Crude oil prices are a matter of demand and supply as well as politics. Crude oil is the most heavily traded commodity in the world, with the futures listed in the New York Mercantile Exchange serves as the benchmark in international pricing. These futures trading in the NYMEX are for delivery in the United States. Therefore future prices are most sensitive to demand in the world's largest economy in addition to global consumption trend.
DEMAND IN THE UNITED STATES
The United States is the world's largest crude oil consumer. Though its production is only second to Saudi Arabia, the country still depends heavily on omports to satisfy the demand. In 1999, its domestic crude oil output was 5,925 million bpd while net imports reached 8,478 million bpd. Crude oil futures are further influenced by the balance of oil refinery products. In the summer driving season, traditional marked by the Memorial Day, gasoline consumption will peak and affect the oil prices directly. In winter, the level of heating oil will play a major role instead. As a proxy to measure the demand and supply of oil procucts, market will monitor the weekly stock survey publish by the American Petroleum Institute and the Department of energy.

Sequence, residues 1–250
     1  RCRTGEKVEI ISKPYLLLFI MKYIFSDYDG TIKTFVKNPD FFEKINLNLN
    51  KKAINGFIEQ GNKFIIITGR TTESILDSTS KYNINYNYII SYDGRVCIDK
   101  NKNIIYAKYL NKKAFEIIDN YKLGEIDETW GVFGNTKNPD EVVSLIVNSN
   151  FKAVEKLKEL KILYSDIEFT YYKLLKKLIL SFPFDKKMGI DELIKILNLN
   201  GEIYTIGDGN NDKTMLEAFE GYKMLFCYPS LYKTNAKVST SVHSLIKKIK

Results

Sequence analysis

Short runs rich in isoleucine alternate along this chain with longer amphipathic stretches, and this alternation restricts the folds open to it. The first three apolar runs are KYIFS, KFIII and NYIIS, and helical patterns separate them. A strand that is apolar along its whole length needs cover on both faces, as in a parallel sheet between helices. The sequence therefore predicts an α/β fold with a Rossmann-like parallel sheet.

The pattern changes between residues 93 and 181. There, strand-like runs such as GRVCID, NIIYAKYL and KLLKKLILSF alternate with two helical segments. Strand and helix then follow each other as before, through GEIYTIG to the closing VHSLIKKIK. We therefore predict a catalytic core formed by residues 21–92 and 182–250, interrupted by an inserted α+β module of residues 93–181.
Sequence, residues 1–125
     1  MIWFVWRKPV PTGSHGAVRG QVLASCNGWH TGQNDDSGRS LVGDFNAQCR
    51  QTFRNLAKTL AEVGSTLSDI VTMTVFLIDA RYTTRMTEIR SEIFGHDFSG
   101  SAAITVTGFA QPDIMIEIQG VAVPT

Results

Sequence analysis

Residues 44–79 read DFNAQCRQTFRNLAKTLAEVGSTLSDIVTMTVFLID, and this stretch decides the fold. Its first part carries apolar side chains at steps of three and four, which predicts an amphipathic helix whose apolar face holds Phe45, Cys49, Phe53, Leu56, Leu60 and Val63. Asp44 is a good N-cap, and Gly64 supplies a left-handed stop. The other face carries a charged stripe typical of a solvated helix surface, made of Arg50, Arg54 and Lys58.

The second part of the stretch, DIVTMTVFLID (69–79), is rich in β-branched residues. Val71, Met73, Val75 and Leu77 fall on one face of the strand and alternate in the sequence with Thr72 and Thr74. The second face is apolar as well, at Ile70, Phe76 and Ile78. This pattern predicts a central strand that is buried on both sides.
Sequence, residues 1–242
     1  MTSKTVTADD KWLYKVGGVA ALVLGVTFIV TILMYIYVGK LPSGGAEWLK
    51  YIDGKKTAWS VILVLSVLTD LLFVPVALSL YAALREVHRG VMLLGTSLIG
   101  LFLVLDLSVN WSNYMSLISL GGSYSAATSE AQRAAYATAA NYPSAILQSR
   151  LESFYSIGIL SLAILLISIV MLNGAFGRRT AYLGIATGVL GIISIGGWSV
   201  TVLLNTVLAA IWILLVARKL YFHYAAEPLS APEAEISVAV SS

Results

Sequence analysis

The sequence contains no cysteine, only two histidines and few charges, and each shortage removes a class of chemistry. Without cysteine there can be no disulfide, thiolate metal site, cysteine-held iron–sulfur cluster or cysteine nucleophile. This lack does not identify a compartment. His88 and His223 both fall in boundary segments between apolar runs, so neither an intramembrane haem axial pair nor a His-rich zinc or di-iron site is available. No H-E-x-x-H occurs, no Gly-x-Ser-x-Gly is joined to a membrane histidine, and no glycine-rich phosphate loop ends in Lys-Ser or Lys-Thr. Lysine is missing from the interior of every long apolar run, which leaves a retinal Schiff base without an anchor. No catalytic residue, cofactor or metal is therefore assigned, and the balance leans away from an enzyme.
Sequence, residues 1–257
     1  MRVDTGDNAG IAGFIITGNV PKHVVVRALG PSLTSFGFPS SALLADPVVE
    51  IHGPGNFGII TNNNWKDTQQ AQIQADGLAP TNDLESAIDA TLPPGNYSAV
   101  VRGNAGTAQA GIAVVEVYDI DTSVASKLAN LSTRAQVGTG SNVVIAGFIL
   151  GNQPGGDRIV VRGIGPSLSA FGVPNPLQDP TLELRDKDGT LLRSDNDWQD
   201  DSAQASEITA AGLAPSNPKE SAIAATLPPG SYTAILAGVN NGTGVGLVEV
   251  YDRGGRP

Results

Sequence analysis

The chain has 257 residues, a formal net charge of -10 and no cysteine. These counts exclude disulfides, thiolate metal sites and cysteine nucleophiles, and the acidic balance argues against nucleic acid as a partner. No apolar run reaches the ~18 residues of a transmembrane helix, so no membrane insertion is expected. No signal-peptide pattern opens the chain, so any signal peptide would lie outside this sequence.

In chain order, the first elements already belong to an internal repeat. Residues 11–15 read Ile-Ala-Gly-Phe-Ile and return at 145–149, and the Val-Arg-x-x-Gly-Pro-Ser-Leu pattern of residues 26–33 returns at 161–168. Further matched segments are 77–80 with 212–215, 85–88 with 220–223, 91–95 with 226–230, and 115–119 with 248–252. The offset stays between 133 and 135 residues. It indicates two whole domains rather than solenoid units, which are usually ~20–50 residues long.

ORGANIZATION OF PETROLEUM EXPORTING COUNTRIES AND THE NEW OUTPUT BLOC
Founded in 1960, the OPEC now comprises of 11 nations. Its objective is to coordinate and unify petroleum policies among member countries. Their output is crucial to oil price as only these gifted countries possess the spare capacity to produce more if the want. However, the cartel saw little success in manipulating the prices in history, mainly because a handful of oil-rich nations were pumping more oil when the cartel wanted to limit the supply.
In 1998, the supply side saw a breakthrough as Mexico. Norway and Oman joined forced with the OPEC to lower their production in a bid to save the oil price from falling below $ 10 a barrel. Oil price as a result tripled in a year and brings the new output bloc. bind with mautual trust, to the international front stage.
Figures in 1998 shown that OPEC and Mexico contributed almost 60 percent of total oil imports in US.